GLOBAL.School graphicAnita Draper
Catholic Herald staff

Implementing best management practices is the goal of an $80,000 Catholic Extension grant awarded to the 15 Catholic schools in the Diocese of Superior.

Announced by the schools late last year, the award is the result of a joint effort by diocesan school superintendent Peggy Schoenfuss; Steve Tarnowski, diocesan director of development, who wrote the grant application; and pastors, principals and school officials who supported the initiative.

The Strategic Management and Development Program is a four-year plan for boosting Catholic schools’ identity, fundraising, communications and marketing, as well as improving the efficiency of school boards, managing enrollment and more. With the help of a consulting firm, Catholic School Management, Inc., which is a division of the nonprofit Christian Brothers Services, schools will be guided in their goal.

“In preparation for the application process we presented the idea to the schools, using their input in the writing of the grant,” Tarnowski explained.

“They were unanimous in that we should go ahead and apply for the grant. One of the early champions of the grant was Fr. John Gerritts of Hudson.”

Challenge to be better

Pastor of St. Patrick, Hudson, Fr. Gerritts is tasked with overseeing one of the largest Catholic schools in the diocese.

“The Catholic schools that we have in our diocese are an incredible asset, just a phenomenal resource,” Fr. Gerritts said, “but one of my concerns is our Catholic schools have always been the best schools of the 20th century … are schools able to continue to be the very best schools of this day and age?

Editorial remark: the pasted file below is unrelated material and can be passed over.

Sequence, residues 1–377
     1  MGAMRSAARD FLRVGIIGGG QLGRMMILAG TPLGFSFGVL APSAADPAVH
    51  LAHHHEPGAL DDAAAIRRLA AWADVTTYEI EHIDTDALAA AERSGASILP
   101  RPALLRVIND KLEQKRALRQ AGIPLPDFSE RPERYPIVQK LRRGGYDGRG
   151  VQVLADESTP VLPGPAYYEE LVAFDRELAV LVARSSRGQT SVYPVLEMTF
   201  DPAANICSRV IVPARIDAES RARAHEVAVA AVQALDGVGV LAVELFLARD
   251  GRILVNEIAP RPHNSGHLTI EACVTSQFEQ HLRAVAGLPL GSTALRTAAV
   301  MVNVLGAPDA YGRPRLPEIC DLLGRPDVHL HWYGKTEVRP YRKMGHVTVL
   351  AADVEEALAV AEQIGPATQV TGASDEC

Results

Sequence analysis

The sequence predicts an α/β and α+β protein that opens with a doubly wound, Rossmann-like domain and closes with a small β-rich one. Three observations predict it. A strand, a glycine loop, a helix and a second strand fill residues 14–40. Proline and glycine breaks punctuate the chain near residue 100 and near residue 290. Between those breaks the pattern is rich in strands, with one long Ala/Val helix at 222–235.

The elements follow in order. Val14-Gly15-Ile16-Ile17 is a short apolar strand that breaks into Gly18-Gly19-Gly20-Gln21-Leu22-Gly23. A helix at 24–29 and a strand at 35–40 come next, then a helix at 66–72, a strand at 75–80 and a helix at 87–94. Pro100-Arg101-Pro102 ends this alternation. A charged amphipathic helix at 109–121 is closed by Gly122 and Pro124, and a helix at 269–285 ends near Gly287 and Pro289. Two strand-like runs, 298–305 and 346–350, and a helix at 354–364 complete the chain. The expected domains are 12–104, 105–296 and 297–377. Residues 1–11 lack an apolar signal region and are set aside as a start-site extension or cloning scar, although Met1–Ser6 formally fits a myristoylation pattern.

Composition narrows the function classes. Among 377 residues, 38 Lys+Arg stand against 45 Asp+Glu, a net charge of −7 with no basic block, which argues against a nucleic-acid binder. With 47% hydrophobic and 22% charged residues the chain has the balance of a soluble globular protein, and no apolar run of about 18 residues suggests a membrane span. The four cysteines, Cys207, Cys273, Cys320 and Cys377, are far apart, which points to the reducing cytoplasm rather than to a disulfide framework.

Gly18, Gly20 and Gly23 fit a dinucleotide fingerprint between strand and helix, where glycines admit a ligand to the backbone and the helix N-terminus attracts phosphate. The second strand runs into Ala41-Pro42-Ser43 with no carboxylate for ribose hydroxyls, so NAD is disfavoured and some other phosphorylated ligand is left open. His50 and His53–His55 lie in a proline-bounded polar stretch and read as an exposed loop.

“We have to continue to challenge ourselves to be better,” the priest continued, “because if we don’t continue to grow and change and really continue to challenge ourselves, we’re not going to continue to be this really phenomenal resource … to our parishes that we are.”

The difficulty of embracing change is in the implementation, Fr. Gerritts has found. Often, when they attend workshops and come back inspired to make changes, the new goals are soon set aside in the busyness of everyday life. That’s why the priest supported seeking a grant that would pay for consulting services.

“Most of us, we know what needs to happen in Catholic schools … the struggle can sometimes be the execution,” he said.

Fr. Gerritts likens it to the diocese’s hiring a firm to conduct a capital campaign.

“You know what to do,” he explained, but extra hands are needed to execute it.

“We probably know,” he added, “but we need that impetus, that push.”

Both Schoenfuss and Tarnowski considered stabilization of school management, despite principal turnover or pastoral reassignments, a major benefit of involvement in the Strategic Management and Development Program.

Fr. Gerritts agreed.

“That is a challenge that our schools face, that our principals face,” he commented. “You can have a plan going one day, and all the sudden you get a new pastor, and the plan changes dramatically.”

The training should usher in a new cohesiveness, the priest added, “that hopefully we don’t have these broad swings.”


The first two-day in-service introducing diocesan schools to the program was Nov. 16 in Rice Lake. Two key officials from CSM –  Maria Ribera, president, and Richard Burke, senior consultant – spoke to schools’ staffs, administrators, volunteers, principals and pastors.

“This model consists of two, two-day seminars per year from Catholic School Management in which all 15 schools and their teams come together in one location,” Schoenfuss said. “Two other times during each year, our Catholic School Management consultant, Maria Ribera, will meet with small groups of schools via video conferencing.”

As the first of four years begins, Schoenfuss and Tarnowski are preparing to go on the road.

“Each school is visited every six weeks by either myself or Steve Tarnowski to monitor their progress in the program,” Schoenfuss continued. “Each school works individually on their own process, but come together collaboratively to be in-serviced on the process and progress.”

“We are helping to facilitate the process in our visits,” Tarnowski added. “The first year is especially demanding and deadline-intensive. We have four years to achieve everything that we want to do.

“As we make several visits during the various phases of the process this year, we will be guiding the parishes to achieve the many strategic tasks that are needed to take place in accomplishing the goals of the program.”